The General is not interested in Sally’s defense of their values. The only important thing for him is sitting on a stage—he thinks he is handsome and will be an impressive sight in his uniform. The uniform, however, is not the one he wore when he fought for the Confederacy in the American Civil War. Further, while he is called “The General,” he was never actually a general. To his own recollection, he was likely a private, although he cannot remember his service in the war, nor his son’s death in the Spanish-American War, nor even his son himself.

What General Sash does remember well is a film premiere he attended 12 years prior. The premiere is the story’s first vignette: It was held in Atlanta, and attendees came from all over the country dressed in formalwear. The General believes “beautiful guls” presented him with the uniform, although Sally asserts it was “Mr. Govisky” (156). At the premiere, General Sash (introduced as “General Tennessee Flintrock Sash” rather than his actual name, “George Poker Sash” [158]) was called up to the stage, where he stood “in the exact center of the spotlight.” The announcer asked him how old he was, and when he said he was 92, the audience erupted in enthusiastic applause. He wished to remain in the spotlight, basking in the crowd’s approval, but Sally realized she forgotten to put on the silver shoes she bought for the occasion and is instead wearing “two brown Girl Scout oxfords” (159). Mortified, she rushed him off the stage.

There has been little else of interest in the General’s life since the premiere. Every year on Confederate Memorial Day, he puts on his uniform and goes to the Capitol City Museum to sit alongside other wartime memorabilia, as if he has become an object himself.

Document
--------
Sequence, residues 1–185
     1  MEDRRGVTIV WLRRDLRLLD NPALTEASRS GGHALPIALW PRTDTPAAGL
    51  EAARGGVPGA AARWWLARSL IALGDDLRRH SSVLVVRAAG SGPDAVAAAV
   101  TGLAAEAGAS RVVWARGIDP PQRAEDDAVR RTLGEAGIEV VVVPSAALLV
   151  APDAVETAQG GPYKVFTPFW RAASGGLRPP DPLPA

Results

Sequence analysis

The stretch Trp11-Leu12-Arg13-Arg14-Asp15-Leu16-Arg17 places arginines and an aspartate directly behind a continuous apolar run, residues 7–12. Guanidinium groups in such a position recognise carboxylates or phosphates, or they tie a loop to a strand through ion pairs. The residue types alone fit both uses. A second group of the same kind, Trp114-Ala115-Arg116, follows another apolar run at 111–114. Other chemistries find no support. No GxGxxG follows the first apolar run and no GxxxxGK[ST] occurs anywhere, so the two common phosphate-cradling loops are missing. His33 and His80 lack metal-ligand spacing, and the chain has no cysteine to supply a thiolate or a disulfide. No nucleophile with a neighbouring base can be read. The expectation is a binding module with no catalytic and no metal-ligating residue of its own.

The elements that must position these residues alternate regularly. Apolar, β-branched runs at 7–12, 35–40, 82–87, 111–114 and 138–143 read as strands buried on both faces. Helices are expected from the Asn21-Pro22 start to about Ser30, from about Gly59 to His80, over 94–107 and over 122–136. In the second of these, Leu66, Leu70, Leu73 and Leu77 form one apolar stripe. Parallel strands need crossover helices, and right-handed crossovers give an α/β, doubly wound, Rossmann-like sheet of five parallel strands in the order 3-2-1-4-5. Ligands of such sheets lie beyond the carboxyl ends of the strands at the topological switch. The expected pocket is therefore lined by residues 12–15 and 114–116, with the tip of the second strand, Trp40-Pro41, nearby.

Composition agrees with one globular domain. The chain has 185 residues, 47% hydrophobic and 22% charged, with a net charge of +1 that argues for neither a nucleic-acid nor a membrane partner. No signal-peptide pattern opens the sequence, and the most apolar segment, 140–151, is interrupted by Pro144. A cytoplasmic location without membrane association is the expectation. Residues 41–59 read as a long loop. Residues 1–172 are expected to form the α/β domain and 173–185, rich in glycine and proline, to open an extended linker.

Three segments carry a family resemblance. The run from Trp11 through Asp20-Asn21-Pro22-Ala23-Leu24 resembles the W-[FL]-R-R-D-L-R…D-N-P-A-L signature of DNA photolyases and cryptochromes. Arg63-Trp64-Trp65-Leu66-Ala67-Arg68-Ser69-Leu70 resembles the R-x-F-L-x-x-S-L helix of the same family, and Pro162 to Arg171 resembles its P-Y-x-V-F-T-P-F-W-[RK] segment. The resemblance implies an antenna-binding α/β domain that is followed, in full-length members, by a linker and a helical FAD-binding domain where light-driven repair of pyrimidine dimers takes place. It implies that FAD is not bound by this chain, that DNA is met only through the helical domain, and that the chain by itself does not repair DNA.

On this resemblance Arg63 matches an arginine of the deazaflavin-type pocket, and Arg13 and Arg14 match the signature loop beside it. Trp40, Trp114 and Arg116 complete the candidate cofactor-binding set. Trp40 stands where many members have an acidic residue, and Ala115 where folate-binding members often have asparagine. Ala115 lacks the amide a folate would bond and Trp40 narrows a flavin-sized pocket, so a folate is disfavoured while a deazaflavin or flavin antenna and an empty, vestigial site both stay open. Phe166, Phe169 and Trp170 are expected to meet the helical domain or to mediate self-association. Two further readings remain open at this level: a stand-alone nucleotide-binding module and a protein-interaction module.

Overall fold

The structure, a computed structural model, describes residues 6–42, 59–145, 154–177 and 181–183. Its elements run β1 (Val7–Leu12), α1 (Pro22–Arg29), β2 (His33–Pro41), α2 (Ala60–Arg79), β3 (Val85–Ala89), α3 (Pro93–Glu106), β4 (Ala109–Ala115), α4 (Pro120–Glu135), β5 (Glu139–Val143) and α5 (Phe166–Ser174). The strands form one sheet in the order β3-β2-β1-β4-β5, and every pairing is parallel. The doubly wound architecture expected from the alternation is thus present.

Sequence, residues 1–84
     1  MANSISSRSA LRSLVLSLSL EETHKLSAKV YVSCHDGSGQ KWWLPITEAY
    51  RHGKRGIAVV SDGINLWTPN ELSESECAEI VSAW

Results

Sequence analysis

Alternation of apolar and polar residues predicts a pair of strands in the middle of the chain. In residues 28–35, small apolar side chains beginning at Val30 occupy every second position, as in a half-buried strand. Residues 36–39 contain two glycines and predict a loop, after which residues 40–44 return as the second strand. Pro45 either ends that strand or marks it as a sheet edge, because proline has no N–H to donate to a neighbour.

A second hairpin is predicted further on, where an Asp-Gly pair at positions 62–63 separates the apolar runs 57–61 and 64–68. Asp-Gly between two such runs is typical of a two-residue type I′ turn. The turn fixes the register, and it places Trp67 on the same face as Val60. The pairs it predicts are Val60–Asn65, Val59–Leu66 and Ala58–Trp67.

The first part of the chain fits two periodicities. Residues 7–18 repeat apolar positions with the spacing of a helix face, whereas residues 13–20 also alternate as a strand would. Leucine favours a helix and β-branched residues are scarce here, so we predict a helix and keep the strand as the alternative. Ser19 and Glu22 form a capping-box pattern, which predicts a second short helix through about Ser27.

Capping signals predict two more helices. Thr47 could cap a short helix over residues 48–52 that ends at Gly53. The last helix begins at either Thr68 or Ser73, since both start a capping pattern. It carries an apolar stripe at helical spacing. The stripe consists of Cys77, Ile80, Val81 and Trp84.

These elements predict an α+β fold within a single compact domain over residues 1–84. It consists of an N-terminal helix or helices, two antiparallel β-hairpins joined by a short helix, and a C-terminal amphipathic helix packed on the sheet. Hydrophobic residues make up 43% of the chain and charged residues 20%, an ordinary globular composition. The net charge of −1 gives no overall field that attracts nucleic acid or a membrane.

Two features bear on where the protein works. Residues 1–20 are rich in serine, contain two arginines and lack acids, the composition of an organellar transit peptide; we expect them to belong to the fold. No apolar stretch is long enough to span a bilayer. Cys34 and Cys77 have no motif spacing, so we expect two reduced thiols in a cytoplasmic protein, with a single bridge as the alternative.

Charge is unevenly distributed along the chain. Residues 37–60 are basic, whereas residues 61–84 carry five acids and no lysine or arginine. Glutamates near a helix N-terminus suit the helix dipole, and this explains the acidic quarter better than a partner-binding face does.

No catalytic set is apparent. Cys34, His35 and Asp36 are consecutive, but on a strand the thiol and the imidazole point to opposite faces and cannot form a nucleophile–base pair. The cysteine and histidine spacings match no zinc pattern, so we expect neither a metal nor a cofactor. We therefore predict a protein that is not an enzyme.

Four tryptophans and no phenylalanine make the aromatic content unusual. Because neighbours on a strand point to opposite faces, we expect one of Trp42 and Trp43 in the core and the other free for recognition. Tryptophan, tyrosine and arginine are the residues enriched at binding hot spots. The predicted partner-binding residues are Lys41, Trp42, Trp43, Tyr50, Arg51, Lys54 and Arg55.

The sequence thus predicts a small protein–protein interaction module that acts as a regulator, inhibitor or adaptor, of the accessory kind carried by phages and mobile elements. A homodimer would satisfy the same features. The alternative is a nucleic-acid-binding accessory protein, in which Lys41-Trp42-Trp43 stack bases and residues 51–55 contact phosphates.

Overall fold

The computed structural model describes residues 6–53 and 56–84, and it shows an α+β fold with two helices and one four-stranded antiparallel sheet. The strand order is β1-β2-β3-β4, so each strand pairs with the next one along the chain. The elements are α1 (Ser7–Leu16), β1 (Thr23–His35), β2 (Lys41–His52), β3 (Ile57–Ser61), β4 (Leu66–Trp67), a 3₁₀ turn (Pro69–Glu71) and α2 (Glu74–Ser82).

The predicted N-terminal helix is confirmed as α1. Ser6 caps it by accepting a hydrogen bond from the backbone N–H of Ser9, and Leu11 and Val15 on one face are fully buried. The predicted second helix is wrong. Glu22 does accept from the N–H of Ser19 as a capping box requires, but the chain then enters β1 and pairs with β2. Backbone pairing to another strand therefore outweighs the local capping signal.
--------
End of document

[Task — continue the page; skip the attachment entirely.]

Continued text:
The climax of the story is Sally’s graduation, for which the General arrives with John Wesley, his great-nephew. A photographer comes to take pictures of the three generations, and Sally is very excited, but the General is most concerned with ensuring his sword is best positioned to shine. Sally joins the procession of students and imagines the General on the stage with John Wesley. They are, in fact, she sees, standing outside by a Coca-Cola machine. Upon seeing this, Sally “broke from the line and galloped to them and snatched the bottle away.” (141) She then directs John Wesley to take the General inside.

Now on the stage, the General remains unsure about what is happening. He feels “a little hole beginning to widen in the top of his head” and looks out to see “figures in black robes” (141) moving toward and around him. He sees the procession but does not know what it is for, hears the commencement speaker begin talking about history, and remains silent when he hears his name and John Wesley wheels him forward. While John Wesley bows, the General finds to his frustration that he cannot move from his seat. He doesn’t want to listen to the speaker’s words about the past, but the words seep in through the hole in his skull. Finally, the General feels like “the entire past opened up on him out of nowhere and he felt his body riddled in a hundred places with sharp stabs of pain and he fell down, returning a curse for every hit” (143). Sally is in the graduation procession. As she receives her degree, she looks over at her grandfather on stage and holds her head high, experiencing a moment of triumph. After the ceremony, Sally waits with her family for John Wesley to come out with the General. They have left through the back entrance, however; by the end of the ceremony, the General has died.